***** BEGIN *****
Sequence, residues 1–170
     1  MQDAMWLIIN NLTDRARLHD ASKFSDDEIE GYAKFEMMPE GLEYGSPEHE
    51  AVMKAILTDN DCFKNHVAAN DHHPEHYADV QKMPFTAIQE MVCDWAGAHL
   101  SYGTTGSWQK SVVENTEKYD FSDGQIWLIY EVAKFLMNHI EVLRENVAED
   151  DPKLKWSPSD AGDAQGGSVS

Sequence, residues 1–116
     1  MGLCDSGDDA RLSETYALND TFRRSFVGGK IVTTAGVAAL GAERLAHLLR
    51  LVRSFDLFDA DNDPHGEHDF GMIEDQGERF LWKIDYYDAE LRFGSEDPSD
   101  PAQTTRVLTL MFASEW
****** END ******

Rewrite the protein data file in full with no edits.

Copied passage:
Sequence, residues 1–170
     1  MQDAMWLIIN NLTDRARLHD ASKFSDDEIE GYAKFEMMPE GLEYGSPEHE
    51  AVMKAILTDN DCFKNHVAAN DHHPEHYADV QKMPFTAIQE MVCDWAGAHL
   101  SYGTTGSWQK SVVENTEKYD FSDGQIWLIY EVAKFLMNHI EVLRENVAED
   151  DPKLKWSPSD AGDAQGGSVS

Sequence, residues 1–116
     1  MGLCDSGDDA RLSETYALND TFRRSFVGGK IVTTAGVAAL GAERLAHLLR
    51  LVRSFDLFDA DNDPHGEHDF GMIEDQGERF LWKIDYYDAE LRFGSEDPSD
   101  PAQTTRVLTL MFASEW